mmer vacation, a time to return to the classroom and face the challenges of yet another school year. For eight to 12 Charleston County School of the Arts students, the coming school year offers a wide open stage and the opportunity to entertain adults and children all over the southeast with their unique brand of improvisational theater.
The salt slap of the ocean, shells crushed to grit beneath the toes, and August lush with dark swaths of green along sea island paths: that's the stuff that pulls you into the novels of Beth Webb Hart – her passion for coastal Carolina and the small brushstrokes, the detailing, that bring it to life on the page. Once inside her stories, a pervading sense of purpose and religious faith begins to emerge in the words and actions of her characters.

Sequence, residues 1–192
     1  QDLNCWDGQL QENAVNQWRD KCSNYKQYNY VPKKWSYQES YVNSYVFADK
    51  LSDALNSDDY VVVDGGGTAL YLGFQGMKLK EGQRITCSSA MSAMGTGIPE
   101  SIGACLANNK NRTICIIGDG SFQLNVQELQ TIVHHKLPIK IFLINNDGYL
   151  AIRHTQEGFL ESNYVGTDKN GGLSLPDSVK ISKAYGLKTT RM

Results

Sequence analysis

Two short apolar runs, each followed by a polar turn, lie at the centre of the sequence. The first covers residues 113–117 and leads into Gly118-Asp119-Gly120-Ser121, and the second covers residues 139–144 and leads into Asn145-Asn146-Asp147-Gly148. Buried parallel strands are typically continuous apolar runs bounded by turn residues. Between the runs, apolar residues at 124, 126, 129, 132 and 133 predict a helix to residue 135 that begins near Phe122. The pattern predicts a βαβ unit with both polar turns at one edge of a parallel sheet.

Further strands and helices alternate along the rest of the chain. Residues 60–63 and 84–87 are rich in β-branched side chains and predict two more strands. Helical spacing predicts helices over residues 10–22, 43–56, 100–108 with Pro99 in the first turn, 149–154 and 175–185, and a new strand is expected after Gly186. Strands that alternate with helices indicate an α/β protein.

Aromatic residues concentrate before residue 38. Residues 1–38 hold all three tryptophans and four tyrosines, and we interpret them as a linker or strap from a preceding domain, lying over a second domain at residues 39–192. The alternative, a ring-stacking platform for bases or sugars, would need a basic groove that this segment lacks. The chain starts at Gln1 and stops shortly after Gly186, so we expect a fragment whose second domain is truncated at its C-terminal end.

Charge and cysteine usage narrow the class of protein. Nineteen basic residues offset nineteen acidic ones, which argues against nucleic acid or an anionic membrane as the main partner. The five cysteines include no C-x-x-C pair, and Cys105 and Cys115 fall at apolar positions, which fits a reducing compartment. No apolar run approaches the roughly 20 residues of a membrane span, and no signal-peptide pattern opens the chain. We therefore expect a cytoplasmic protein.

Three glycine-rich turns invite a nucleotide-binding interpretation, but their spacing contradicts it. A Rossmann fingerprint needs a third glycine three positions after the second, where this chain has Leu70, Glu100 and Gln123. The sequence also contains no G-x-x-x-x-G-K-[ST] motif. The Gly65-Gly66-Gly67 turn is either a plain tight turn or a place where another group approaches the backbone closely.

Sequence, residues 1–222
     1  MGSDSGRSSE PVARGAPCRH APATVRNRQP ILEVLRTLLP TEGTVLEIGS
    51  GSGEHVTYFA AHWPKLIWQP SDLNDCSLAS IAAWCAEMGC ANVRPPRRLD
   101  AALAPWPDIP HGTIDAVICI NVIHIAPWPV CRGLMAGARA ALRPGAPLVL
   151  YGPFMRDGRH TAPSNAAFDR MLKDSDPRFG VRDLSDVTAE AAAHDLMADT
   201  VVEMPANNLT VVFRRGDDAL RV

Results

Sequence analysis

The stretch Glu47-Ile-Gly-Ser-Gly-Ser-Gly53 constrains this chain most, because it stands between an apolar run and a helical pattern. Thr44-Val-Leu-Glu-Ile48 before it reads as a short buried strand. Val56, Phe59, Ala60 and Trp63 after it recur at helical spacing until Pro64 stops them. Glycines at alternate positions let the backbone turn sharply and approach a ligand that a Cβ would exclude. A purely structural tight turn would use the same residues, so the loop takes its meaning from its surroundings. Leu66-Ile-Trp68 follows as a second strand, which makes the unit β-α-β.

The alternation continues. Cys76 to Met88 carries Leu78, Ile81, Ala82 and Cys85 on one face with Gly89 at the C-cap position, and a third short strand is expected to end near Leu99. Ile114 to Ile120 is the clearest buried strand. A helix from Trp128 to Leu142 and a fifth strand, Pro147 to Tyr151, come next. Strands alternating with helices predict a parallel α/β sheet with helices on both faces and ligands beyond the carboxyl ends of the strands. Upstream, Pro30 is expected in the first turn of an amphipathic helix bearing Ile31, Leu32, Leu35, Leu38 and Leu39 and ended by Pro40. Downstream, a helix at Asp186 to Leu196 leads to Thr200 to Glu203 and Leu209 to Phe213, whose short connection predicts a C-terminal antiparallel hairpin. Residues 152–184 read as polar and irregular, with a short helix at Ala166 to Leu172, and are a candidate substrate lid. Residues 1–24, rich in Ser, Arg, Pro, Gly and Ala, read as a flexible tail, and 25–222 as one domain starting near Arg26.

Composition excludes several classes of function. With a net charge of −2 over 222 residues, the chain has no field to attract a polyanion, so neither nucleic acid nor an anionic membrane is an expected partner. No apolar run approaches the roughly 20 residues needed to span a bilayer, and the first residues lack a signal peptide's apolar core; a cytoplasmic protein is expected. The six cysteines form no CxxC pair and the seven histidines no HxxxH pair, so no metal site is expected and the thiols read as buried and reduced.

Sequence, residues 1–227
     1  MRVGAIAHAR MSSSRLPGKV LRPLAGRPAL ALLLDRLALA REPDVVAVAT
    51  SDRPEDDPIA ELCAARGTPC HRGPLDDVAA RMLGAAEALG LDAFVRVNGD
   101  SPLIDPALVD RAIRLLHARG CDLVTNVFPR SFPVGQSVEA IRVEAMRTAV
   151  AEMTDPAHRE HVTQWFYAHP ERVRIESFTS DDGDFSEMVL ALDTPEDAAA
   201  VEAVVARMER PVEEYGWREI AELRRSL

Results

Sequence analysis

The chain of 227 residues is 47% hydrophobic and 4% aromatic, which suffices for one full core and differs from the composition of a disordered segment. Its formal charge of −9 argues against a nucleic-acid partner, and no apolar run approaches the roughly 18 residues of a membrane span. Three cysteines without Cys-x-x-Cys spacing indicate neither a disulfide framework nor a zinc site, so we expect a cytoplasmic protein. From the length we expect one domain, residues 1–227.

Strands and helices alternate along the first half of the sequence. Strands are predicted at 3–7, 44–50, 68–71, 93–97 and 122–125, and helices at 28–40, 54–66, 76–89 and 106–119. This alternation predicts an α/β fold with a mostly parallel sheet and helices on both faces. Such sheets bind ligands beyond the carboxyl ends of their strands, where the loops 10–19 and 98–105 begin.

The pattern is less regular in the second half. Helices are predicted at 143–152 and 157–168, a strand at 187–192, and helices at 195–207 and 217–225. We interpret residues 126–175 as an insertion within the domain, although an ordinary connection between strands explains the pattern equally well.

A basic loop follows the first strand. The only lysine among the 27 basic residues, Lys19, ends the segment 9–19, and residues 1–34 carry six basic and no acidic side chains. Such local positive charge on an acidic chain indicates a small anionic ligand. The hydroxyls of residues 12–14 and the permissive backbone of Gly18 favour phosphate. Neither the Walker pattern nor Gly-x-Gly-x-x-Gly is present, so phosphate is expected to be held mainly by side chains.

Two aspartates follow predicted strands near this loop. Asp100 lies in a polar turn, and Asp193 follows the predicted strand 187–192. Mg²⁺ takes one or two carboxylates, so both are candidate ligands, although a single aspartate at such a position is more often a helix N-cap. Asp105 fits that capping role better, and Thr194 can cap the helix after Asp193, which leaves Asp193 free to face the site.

How does Anthony Varallo find time to write? He has a two year old at home, teaches fiction full-time at the College of Charleston, and looks at every single short story submitted to Crazyhorse, the college's lit mag, which works out to be about 5,000 stories a year.
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"We're shaking things up this year," says J.C. Conway, director of local company Theatre /verv/, and he's not alone. Charleston's board treaders are determined to try fresh tactics this year to snag larger audiences, ranging from new venues to more challenging productions.
These days, orchestras tend to sink or swim according to the quality of their programming. Their product faces ever-stiffer competition from today's avalanche of media, information, and entertainment options, and also from increasingly vibrant alternative music scenes, like chamber and choral music.
Cabaret Kiki Fri. Oct. 27 at 7:30and 9:30 p.m. $15 Theatre 99 280 Meeting St., 853-6687